In this excerpt he compares the feelings the US citizens had after the abuse of prisoners in Iraq and the aftermath of Hurricane Katrina:
What did you feel? I don't know the words to describe my own feelings. But I would like all Americans to draw a line connecting the feelings they had when they saw the visual images of our soldiers, acting in our name, with our authority, torturing helpless people - and it was a matter of policy, even though the White House pointed fingers at the privates and corporals and said it was all their responsibility - with the emotions they felt during Hurricane Katrina when they saw those corpses in the water, people without food, water, medicine - our fellow citizens left helpless.
And of course in both cases the story is complex and many factors are involved, but I want people to draw a line connecting the feelings they had in both situations. And then I want them to draw another line connecting those responsible for both unbelievable tragedies that embarrassed our nation in the eyes of the world. Connect those who ignored the warnings about Katrina and then bungled the aftermath with those who ignored the warnings not to invade Iraq and then bungled the aftermath, and the line makes a small circle.
In the middle of that circle is President George W. Bush.
Regarding george's abuse of presidential signing statements, using the process more than all of his predecessors combined:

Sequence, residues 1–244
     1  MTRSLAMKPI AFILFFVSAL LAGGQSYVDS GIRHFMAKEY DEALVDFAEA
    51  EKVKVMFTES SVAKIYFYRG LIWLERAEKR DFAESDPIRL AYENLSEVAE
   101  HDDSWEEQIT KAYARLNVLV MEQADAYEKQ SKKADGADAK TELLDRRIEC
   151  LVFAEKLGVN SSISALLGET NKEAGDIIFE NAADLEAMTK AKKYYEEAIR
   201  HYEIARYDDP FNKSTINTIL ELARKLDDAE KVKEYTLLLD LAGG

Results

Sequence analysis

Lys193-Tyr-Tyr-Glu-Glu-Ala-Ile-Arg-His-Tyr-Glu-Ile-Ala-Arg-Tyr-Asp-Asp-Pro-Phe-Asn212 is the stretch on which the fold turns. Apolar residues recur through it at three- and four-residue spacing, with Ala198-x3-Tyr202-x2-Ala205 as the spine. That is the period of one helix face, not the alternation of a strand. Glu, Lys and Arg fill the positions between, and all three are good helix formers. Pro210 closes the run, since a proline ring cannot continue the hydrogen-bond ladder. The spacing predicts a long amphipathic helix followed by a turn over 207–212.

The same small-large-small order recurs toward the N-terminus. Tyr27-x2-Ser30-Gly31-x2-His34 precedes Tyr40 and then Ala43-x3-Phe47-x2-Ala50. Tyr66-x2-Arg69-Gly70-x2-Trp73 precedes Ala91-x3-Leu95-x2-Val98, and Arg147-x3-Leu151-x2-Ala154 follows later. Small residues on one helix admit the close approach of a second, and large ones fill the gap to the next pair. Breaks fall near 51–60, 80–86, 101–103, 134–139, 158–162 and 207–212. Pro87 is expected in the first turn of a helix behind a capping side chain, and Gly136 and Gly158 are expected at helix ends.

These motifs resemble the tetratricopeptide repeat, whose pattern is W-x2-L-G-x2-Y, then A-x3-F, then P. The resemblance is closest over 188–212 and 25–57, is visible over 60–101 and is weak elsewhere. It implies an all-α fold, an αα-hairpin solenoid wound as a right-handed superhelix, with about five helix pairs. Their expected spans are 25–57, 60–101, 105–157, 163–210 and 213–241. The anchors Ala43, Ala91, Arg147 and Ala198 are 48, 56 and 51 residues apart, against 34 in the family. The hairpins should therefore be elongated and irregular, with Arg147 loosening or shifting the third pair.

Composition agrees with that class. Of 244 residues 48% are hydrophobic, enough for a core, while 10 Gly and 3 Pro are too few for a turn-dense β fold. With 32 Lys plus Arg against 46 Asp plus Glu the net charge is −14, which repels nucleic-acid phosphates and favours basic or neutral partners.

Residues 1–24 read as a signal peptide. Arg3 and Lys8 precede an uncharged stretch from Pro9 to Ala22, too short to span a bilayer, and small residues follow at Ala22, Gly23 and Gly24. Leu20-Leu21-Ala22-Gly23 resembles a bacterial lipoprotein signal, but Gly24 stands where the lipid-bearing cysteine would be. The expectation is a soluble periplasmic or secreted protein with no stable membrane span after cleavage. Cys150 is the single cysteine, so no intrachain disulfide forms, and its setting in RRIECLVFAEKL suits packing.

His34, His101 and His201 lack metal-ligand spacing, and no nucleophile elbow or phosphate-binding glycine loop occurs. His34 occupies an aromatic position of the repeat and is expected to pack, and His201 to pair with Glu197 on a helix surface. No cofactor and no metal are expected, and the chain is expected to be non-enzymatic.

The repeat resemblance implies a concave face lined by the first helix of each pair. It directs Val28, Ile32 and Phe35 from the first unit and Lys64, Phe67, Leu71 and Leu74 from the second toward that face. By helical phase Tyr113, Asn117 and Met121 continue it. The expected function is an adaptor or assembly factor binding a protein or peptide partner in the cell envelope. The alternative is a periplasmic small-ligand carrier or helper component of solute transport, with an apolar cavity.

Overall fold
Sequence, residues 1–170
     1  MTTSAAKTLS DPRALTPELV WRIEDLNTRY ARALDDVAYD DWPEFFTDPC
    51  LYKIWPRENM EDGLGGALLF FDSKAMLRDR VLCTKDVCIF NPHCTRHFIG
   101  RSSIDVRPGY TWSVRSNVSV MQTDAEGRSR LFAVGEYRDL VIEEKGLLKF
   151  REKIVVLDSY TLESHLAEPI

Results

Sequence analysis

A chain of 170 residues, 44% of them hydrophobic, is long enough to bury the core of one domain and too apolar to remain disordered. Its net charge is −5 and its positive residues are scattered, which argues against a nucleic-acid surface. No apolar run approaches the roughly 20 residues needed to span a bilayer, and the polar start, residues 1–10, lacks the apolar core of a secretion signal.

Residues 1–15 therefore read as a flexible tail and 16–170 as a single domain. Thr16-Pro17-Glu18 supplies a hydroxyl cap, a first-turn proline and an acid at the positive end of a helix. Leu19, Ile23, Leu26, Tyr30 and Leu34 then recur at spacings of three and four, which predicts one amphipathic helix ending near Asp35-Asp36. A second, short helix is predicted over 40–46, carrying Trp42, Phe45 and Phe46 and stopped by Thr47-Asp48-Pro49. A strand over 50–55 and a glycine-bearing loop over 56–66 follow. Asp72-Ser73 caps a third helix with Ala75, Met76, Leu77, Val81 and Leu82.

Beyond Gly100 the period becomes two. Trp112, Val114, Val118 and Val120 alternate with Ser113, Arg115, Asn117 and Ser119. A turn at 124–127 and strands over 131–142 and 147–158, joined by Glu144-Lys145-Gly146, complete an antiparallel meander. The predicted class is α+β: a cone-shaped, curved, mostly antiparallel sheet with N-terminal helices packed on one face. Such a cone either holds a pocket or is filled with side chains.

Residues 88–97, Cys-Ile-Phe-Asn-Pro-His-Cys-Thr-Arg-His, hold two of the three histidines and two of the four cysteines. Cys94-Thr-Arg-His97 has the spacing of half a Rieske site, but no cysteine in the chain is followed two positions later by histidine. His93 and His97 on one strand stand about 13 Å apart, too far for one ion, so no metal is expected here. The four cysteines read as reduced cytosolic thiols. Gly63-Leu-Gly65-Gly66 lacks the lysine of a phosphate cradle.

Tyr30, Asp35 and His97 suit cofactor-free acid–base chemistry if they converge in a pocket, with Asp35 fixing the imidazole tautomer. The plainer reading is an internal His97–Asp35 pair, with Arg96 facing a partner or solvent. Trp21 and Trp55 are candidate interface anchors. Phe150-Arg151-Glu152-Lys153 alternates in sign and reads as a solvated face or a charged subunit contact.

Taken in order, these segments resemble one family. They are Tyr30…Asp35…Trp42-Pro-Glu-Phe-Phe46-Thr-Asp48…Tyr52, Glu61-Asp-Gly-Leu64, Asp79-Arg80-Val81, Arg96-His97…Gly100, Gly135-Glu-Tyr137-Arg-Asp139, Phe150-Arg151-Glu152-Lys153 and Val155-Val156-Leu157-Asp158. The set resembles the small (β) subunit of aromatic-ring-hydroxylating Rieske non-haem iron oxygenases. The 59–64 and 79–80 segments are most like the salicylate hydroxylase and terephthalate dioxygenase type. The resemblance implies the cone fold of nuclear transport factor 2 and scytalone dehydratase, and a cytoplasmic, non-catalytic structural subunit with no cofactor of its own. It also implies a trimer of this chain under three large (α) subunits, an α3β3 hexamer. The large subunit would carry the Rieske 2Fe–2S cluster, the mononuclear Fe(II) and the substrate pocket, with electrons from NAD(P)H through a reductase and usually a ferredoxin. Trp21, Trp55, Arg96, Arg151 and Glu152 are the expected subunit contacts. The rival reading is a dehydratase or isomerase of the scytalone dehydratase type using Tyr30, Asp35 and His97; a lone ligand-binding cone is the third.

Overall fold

For example, after the administration dishonored and embarrassed the country by torturing large numbers of helpless prisoners, an overwhelming bipartisan majority passed legislation sponsored by three Republican senators - John McCain, John Warner, and Lindsey Graham - outlawing torture. Bush could have vetoed the law, but Congress almost certainly would have overridden his veto. Instead, he signed the law but announced that he did not, and would not, have to abide by it. This helps to explain why Bush has vetoed only one bill during his entire term in office. Why bother, if he can simply decide on his own whim which provisions of a law apply to him and which ones he will simply ignore?Good stuff.
Should we amend all of the textbooks in America to explain to schoolchildren that what has been taught for more than two centuries about checks and balances is no longer valid? Should we teach them instead that the United States Congress and the courts are merely advisory groups that make suggestions to the president on what the law should be, but that the president is all-powerful and now has the final say on everything? Should we teach them that we are a government of men, not laws? Should we teach them that we used to be a democracy but now we only pretend to be?
Read it . . . .
(Cross-posted from Moving to Vancouver)